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Let $X(G,S)$ be the (undirected) Cayley graph, with $G$ group and $S \subseteq G$ such that $1_G \notin S$ and $S=S^{-1}$. Is the complement of $X$ a Cayley graph?

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It seems to me that the ideal answer to this question has been given (but not accepted). I have voted to close the question as no longer relevant -- I don't think we need to see it popping back up again ad infinitum. –  Pete L. Clark May 9 '10 at 8:45
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The complete graph on $|G|$ vertices is a Cayley graph for $S=G\setminus\{1_G\}$. Its complement, the graph without edges, is not a Cayley graph.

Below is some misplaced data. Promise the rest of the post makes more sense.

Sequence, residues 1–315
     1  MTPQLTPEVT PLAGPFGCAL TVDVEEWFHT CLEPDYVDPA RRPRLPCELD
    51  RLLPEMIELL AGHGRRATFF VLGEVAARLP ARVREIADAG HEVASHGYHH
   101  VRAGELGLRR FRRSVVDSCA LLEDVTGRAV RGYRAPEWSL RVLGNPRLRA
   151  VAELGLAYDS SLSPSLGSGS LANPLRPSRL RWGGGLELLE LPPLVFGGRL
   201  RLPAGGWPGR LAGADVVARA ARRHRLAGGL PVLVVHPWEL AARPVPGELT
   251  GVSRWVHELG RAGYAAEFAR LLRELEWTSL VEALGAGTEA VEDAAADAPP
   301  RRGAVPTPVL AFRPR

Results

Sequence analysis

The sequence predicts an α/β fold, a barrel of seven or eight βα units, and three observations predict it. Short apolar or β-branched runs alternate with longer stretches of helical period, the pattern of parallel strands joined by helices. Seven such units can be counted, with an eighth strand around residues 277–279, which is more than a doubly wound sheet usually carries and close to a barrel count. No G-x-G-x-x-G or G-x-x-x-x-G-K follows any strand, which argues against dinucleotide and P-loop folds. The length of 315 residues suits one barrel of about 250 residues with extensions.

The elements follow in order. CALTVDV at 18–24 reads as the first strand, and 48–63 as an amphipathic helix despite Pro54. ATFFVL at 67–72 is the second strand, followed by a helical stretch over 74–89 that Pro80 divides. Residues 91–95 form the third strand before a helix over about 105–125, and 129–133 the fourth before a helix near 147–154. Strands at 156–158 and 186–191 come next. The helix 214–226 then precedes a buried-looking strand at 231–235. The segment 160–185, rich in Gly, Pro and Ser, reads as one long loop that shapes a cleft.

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Isn't it the Cayley graph (under tbg's defintion) for $S=\emptyset$? –  Robin Chapman Apr 25 '10 at 7:00
    
@Robin Chapman: usually, $S$ is assumed to be a generating set. –  Benoît Kloeckner Apr 25 '10 at 8:13
    
Amongst people who actually work with the things, Cayley graphs are not required to be connected. For example, there is Sabidussi's theorem which asserts that a graph is a Cayley graph for the group $G$ if and only if $G$ acts regularly on its vertices. –  Chris Godsil Apr 25 '10 at 18:54
    
If S is not required to be a generating set, then the answer to the original question is immediately and trivially yes. The partition of G into S and its complement set is mirrored in an obvious way in the partition of the complete graph into X and its complement graph. So requiring S to be a generating set is one possible way of trying to make the question be not so boring, but as my answer shows it still doesn't succeed in doing so. –  David Eppstein Apr 25 '10 at 20:06
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